7. Asymmetric cryptography. Every cryptography course starts with some interesting problem-solving insights like the Alice and Bob story. Understanding this technology gives you the basis for understanding some of the cloud security issues we face today. If you own a cloud business today, you would be remiss to not take a class on cryptography.
8. Mathematical induction. The idea that combining a truth for n = 1 and a truth for n = n + 1 gets you a truth for all n. More here. Very abstract and basic stuff but extremely powerful.
9. Hypothesis testing and regression analysis on data sets. Once considered very dry but data science is all the rage nowadays. Funny how often that happens.
10. Fund-raising. Somewhere along the way, I began to feel that our economics program could do more to excite undergrads about economics. With the help of a team I drew together, I conceived a journal dedicated to undergraduate writing and research in economics. We had plenty of skeptics, one of whom had attempted the same project the prior year. So although I wasn’t working on a terribly original idea, I persisted. I canvassed the whole economics department and eventually landed several thousand dollars in funding. We managed to release two editions before I had to graduate. Here’s how I sum up what I learnt. Two people with the same idea. One didn’t stay the course. The other did and that made all the difference.
What I picked up in college was more than a couple of mental models and tools that you can find in a library or on the Internet. What I brought away was a far more curated and useful experience.
As individuals, we have a decent understanding of a variety of personal behavior. We can appreciate the survival of the fittest. We can appreciate cheaper is better. These are concepts most of us pick up through our immediate experiences. But our understanding of the world tends to break down as soon as we attempt to rise above this level. Without the ability to consider the sum of the parts, people tend to make poorer decisions or none at all. In my opinion, that’s the essence of a decent college education: it gives you a foundation to make better decisions.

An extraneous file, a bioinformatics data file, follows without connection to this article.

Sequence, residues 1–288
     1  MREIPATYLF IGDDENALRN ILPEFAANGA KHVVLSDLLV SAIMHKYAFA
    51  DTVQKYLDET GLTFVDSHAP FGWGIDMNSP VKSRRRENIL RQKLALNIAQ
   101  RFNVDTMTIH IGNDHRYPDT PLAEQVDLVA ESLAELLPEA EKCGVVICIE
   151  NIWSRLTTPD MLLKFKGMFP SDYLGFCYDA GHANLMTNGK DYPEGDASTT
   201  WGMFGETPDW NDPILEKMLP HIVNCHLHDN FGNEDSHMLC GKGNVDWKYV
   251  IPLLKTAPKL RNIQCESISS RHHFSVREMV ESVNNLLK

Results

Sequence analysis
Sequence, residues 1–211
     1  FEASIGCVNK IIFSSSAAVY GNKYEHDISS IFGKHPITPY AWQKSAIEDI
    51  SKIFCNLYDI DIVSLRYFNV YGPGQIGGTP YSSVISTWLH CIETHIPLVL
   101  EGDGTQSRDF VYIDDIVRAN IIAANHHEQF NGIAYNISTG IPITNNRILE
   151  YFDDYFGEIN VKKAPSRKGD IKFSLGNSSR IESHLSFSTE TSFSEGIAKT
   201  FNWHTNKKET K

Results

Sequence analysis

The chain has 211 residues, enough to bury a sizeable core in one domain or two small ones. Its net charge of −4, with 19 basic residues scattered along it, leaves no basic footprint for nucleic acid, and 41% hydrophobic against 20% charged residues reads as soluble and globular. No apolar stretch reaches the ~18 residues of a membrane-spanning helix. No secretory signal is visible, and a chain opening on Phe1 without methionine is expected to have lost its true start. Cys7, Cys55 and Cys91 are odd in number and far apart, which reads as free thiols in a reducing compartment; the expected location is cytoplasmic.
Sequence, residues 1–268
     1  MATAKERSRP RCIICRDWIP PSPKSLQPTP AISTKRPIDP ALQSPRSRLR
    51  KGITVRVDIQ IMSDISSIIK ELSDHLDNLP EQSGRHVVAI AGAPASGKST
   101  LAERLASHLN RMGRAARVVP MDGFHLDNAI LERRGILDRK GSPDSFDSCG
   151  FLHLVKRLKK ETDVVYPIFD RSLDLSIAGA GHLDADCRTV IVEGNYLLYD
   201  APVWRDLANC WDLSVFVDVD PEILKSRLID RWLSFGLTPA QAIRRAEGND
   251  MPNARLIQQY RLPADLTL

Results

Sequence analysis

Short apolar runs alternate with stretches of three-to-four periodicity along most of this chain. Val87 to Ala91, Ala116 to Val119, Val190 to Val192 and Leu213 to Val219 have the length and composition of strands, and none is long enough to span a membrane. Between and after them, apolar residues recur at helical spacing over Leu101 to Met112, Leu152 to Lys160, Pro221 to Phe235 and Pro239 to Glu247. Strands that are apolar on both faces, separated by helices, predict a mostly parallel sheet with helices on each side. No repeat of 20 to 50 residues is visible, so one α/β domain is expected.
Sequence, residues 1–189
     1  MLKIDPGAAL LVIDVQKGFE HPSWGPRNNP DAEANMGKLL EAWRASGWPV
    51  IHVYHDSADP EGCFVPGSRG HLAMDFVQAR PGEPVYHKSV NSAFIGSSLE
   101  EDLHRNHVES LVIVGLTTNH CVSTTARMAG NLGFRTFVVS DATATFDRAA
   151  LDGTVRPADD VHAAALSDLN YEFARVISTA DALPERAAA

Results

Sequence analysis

Is it that surprising that so many startup founders are college dropouts or that they spent any time at all there? Where would Facebook be if it hadn’t been founded in a college dorm? Even the universally admired college dropout Steve Jobs found a good reason to return:
“Reed College at that time offered perhaps the best calligraphy instruction in the country. Throughout the campus every poster, every label on every drawer, was beautifully hand calligraphed. Because I had dropped out and didn’t have to take normal classes, I decided to take a calligraphy class to learn how to do this. I learned about serif and sans serif typefaces, about varying the amount of space between different letter combinations, about what makes great typography great.”
We have to shift this debate from the black and white discussion it is today to more useful questions like: how can we make college affordable? Do college degrees need to be four years? How can we make degrees more meaningful indicators? How can we help students gain business experience? Can we rebuild the college education in more digestible chunks? Not everyone can afford a $120K education, but everyone should have access to it in some form.